When it comes to portable speakers, you typically have two options: a powerful speaker with impressive sound performance that has a bulkier form factor and heavier design or a more portable option that makes some sound performance sacrifices. Well, I’ve got the speakers that may finally bring the best of both, so the Roam was announced in march with a launch date set for the 20th of April 2021.
With a retail price of $179, it is Sonos’s smallest and most affordable speaker. It’s also their most portable speaker with wi-fi and Bluetooth, allowing you to connect to your Sonos ecosystem when you’re at home with control over wi-fi and switch to Bluetooth when you’re out and about, much like how the Sonos Move works but at a smaller size and less expensive price point.
The new Bose portable speaker, the Bose Soundlink Flex, is also in my possession. This is Bose’s newest portable speaker, which sits below their larger and more expensive Revolve speaker and above their smaller Bose Soundlink Micro and Soundlink Color 2. The Bose Soundlink Flex has an RRP of $149.95, which is okay compared to the portable speakers market.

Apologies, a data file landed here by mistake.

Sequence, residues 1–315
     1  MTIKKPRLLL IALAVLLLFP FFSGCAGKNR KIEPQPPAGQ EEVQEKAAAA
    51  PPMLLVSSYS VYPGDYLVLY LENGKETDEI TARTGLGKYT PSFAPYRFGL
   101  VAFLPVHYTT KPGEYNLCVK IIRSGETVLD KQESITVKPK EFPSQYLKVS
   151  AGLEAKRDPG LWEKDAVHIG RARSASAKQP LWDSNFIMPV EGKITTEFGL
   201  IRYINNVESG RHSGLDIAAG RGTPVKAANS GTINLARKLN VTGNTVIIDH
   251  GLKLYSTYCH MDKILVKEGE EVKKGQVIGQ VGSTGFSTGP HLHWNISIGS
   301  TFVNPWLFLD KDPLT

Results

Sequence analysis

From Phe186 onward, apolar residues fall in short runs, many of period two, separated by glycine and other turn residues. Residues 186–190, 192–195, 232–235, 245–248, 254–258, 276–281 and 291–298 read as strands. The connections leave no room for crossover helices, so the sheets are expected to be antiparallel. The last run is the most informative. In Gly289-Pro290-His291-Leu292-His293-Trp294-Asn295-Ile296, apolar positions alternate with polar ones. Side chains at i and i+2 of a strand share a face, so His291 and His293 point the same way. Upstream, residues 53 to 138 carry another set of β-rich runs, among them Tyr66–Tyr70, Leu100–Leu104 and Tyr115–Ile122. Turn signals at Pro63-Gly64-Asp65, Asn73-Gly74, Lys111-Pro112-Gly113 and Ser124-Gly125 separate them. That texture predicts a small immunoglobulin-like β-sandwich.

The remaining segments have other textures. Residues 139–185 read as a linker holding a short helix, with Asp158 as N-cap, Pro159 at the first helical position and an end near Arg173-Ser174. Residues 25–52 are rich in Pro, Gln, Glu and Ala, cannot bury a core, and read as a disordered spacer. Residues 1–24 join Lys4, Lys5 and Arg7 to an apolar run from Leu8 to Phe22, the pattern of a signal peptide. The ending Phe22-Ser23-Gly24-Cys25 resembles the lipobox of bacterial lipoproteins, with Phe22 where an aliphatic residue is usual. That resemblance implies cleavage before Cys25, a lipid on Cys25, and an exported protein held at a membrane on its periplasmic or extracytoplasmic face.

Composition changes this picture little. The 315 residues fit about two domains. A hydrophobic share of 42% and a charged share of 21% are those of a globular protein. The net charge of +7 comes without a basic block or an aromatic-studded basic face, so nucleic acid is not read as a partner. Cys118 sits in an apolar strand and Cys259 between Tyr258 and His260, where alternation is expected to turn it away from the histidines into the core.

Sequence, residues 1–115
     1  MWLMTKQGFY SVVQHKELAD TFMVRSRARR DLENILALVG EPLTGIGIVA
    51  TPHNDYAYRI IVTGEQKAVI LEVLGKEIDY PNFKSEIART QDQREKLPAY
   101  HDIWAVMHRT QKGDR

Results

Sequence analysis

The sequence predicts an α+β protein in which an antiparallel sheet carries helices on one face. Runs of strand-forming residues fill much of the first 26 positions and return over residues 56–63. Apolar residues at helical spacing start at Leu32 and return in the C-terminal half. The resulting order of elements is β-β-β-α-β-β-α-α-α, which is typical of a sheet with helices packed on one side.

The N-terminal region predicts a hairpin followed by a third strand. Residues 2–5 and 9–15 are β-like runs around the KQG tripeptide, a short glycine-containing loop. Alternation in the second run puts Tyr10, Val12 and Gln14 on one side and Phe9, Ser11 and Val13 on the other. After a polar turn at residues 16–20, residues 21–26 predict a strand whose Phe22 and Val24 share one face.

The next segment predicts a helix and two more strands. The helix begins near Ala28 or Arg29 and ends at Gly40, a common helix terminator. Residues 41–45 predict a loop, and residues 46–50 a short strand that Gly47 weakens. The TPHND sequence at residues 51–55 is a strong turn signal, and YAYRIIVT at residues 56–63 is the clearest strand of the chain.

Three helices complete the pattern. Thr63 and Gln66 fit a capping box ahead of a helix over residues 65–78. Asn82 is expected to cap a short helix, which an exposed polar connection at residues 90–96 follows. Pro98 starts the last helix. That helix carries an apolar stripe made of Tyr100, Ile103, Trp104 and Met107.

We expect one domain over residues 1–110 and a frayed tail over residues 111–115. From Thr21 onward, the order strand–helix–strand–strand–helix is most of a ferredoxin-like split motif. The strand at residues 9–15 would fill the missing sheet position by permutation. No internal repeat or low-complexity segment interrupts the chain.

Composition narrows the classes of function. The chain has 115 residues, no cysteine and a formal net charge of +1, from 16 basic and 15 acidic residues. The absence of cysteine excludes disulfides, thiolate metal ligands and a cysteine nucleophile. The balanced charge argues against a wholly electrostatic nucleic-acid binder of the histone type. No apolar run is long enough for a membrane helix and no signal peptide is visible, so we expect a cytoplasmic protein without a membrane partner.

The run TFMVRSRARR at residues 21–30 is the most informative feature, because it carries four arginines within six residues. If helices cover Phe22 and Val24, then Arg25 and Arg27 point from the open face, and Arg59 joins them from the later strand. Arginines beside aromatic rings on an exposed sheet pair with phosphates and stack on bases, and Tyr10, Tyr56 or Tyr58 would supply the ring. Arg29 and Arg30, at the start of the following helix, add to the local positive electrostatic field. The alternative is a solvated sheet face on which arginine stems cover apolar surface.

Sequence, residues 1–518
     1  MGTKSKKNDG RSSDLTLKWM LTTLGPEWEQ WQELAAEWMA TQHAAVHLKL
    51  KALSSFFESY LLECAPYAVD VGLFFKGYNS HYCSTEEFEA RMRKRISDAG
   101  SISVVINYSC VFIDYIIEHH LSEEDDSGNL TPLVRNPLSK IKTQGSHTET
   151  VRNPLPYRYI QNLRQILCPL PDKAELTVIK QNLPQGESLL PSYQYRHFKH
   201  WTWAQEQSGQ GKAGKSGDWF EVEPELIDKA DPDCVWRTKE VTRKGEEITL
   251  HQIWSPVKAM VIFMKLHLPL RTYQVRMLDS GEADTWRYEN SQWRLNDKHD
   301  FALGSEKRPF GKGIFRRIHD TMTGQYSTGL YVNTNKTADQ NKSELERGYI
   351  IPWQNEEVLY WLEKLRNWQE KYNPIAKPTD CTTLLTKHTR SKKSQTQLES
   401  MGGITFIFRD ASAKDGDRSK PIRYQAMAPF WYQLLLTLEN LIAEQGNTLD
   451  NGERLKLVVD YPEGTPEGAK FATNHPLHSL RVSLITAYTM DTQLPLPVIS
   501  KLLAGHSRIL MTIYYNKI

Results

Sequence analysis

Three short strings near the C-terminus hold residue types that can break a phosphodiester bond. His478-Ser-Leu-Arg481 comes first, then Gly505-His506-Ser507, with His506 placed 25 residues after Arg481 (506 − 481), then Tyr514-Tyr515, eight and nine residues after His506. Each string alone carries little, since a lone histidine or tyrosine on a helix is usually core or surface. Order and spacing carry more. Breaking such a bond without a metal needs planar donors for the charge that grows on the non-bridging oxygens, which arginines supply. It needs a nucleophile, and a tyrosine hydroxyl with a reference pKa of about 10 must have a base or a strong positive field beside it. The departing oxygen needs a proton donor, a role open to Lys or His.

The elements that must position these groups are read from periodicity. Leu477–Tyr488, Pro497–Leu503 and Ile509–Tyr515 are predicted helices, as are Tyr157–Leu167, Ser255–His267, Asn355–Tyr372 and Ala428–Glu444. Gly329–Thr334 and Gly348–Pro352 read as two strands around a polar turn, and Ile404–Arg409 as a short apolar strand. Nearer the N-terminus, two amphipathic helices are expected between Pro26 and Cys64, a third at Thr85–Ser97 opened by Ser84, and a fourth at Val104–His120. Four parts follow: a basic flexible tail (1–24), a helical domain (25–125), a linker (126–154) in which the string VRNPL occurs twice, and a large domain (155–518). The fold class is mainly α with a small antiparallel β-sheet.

|Sonos Roam||Bose SoundLink Flex|
|BUY NOW||BUY NOW|
|+ Mic mute button.|
+ Excellent far-field performance.
+ IP67 rating for dust and water resistance.
+ Bluetooth and Wi-Fi compatibility.
|+ IP67 rating for dust and water resistance.|
+ Outstandingly portable.
+ Excellent far-field performance.
+ Good performance with dialogue.
|– Doesn’t get very loud.|
– 5.1-hour battery life.
– Lacks some low-bass.
|– Voice assistants aren’t built-in.|
– No graphic EQ or presets.
– Compression at max volume.
Sonos Roam vs Bose SoundLink Flex: Specs
|Categories||Sonos Roam||Bose SoundLink Flex|
|Weather Resistance||Dust-proof/Waterproof (IP67)||Dust-proof/Waterproof (IP67)|
|Built-in Battery||Y (10 hrs)||Y (12 hours)|
|Apple AirPlay||AirPlay 2||No|
|Weight||0.43 kilograms||0.6 kilograms|
Sonos Roam vs Bose SoundLink Flex: Design
Now, check out the Sonos Roam and the JBL Flip Six to see that bows still need to adopt the popular cylindrical design many other companies are currently choosing. However, the Bose Soundlink Flex is very different from the shape and style of these initially. I wasn’t sold on this form factor when I first saw it online, but I’ve changed my mind after holding it in my hands.